We are coming home! If outsourcing production to low-cost countries has been a trend for a couple of decades now, then the current one seems to be the start of an era when production is coming home again.
You would be hard-pressed to find a better example of this than Bleu de Chauffe — founded in 2009 by Frenchmen Alexandre Rousseau and Thierry Batteux.
Batteux had previously worked for sport and lifestyle companies and Rousseau comes from a background as a bag designer for LVMH, the company behind Louis Vuitton bags.
Both had worked a lot in the Far East before they, in 2009, decided to bring it home — themselves as well as production.
Savoir faire = know how
Bleu de Chauffe takes the home production very seriously. The company's tagline is "Savoir faire de proximité," which roughly translates as "local know-how".
In this case, 'local' means the Aveyron province in Southern France. The area is home to both lots of cattle and lots of tanneries, and has, over many decades, accumulated some serious know-how in leather production. It is possibly the best place in France to get all-natural leather, and is also the location of the company's workshop.
Here, skilled makers create bags from materials sourced from four locations, all in France. The leather is local, of course, and cotton, felt and metals arrive from three different producers in Northern France.
Once transformed into a Bleu de Chauffe bag, the maker who created the piece signs the bag's label and writes the date of completion.
The brand's designs could be described as functional and understated — a fact that is reflected in its name.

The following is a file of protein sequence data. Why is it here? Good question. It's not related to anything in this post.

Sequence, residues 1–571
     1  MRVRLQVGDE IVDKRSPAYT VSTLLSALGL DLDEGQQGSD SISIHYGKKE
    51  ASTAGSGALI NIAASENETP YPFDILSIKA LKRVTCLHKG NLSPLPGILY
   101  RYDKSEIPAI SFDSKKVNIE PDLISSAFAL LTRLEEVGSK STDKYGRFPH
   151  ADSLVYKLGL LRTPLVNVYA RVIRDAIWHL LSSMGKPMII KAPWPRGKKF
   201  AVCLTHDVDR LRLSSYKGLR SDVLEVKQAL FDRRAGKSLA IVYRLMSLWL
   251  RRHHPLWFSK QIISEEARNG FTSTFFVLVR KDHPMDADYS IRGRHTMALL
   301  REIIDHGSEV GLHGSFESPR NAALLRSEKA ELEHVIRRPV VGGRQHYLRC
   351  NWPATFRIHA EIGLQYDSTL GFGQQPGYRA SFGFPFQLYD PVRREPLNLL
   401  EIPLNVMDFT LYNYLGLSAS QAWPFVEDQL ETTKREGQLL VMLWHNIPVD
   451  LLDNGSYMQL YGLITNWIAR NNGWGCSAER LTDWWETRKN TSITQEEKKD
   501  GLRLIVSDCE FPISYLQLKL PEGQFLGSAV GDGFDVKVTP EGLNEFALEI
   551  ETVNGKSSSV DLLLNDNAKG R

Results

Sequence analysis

"Bleu de chauffe" was originally the name of the blue jacket worn by French steam engine workers in the late 1800s. Later, it came to be used as a term for the jacket worn by other workers such as locomotive drivers and factory workers.
"Mettre son bleu de chauffe" literally means to put on one's work jacket, and is a French expression similar to "getting down to work" in English.
It is the aesthetic of an industrial past that is the inspiration for Rousseau's designs. He describes them as work bags reinvented for an urban setting: simple, practical and stylish. Batteux concurs:
"I have always been a fan of workwear, and I thought it would be very interesting to bring tool bags of the past into modernity and have them protect our new tools, such as laptops and tablets."
Bleu de Chauffe has everything produced in France not just because of the local know-how, but also because of their green outlook. Their suppliers all share an ethical standard with environmental values at the core.
All materials used are natural and treated with natural agents. The leathers, for example, are tanned with mimosa, chestnut and acacia, and after use, the water in the tanning liquids is left to settle — and then completely clarified before being released into the river as clean as it was before using it.
Everything that goes into making a bag can be traced back to its very origin and the proximity of the suppliers means that nothing has to be shipped across the globe on airplanes or big container ships gulping up fossil fuels.
Local not only means know-how. It also means green. Production came home, got inspired by the past and became all natural.